time pregnant women and mothers with children under 2.  The federal government would match these

costs at the state’s regular rate.

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Increasing prescription drug rebates. Increases the minimum percentage rebate on brand-name drugs to

23.1 percent of average manufacturer price; extends rebates to new formulations of brand-name drugs;

and extends rebate requirement to drugs prescribed by Medicaid managed care organizations.

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Reductions in Medicaid DSH payments. Directs the Secretary of HHS to reduce Medicaid DSH payments

to States by a total of $10 billion ($1.5 billion in FY 2017, $2.5 billion in FY 2018, and $6.0 billion in FY 2019)

using a methodology that imposes the largest reductions on states with the lowest percentages of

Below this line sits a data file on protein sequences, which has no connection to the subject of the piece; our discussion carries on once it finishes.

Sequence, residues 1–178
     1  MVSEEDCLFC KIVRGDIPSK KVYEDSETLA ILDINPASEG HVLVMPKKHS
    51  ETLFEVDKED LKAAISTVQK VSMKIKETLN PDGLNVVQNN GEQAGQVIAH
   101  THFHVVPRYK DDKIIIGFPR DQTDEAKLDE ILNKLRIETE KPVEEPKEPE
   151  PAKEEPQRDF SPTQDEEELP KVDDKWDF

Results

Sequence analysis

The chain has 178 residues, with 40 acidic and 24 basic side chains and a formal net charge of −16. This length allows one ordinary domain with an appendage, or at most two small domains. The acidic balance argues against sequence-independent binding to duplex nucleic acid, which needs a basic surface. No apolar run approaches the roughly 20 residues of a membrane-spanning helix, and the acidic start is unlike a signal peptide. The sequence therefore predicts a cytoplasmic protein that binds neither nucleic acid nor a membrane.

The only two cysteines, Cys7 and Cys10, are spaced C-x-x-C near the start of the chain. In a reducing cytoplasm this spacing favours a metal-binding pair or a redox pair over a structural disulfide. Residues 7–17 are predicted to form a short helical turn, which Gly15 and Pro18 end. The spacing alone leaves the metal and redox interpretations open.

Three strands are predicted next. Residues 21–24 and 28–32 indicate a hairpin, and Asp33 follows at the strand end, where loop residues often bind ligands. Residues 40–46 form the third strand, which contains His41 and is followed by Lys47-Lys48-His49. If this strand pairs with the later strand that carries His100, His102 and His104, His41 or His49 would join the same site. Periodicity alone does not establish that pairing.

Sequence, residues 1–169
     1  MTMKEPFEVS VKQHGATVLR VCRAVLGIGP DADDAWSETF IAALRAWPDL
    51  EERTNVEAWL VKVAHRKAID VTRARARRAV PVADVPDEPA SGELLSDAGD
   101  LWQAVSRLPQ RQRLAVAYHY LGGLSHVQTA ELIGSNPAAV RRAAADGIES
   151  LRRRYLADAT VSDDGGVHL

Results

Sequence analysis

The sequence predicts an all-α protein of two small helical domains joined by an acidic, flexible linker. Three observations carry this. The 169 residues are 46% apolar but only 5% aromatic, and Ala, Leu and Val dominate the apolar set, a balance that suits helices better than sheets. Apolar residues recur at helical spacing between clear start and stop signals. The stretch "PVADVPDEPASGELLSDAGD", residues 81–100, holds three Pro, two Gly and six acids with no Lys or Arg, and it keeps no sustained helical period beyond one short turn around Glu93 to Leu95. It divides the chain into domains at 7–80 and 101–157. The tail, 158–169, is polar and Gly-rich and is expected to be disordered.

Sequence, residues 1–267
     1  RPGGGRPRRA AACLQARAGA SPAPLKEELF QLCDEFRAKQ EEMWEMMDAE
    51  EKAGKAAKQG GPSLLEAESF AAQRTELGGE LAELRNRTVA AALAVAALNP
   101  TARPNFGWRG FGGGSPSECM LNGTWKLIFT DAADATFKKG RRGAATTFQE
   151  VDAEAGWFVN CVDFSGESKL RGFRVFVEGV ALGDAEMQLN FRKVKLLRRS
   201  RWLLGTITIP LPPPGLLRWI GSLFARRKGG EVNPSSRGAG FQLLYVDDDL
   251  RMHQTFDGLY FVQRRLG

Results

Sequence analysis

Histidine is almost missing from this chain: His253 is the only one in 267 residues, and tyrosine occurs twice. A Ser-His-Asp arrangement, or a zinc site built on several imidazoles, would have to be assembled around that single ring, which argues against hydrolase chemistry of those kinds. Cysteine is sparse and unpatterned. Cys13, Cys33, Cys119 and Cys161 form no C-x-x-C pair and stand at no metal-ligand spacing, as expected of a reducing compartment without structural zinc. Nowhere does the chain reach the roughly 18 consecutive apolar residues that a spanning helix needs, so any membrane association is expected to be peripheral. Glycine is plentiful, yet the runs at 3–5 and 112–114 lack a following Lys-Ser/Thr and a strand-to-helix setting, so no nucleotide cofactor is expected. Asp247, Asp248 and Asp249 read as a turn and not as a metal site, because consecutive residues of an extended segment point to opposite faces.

uninsured individuals or the least effective targeting of funds on DSH hospitals.

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Payments to pharmacists. Increases the ceiling on payments for generic drugs to 130 percent of the

weighted average of monthly average manufacturer prices.

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Medical home pilot program. Establishes a 5-year pilot program to evaluate medical home models for

beneficiaries including medically fragile children.  A total of $1.235 billion is made available for increased

federal matching for administrative costs.

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Managed care organizations. Requires that Medicaid MCOs meet a medical loss ratio standard set by the

Secretary of HHS at not less than 85 percent.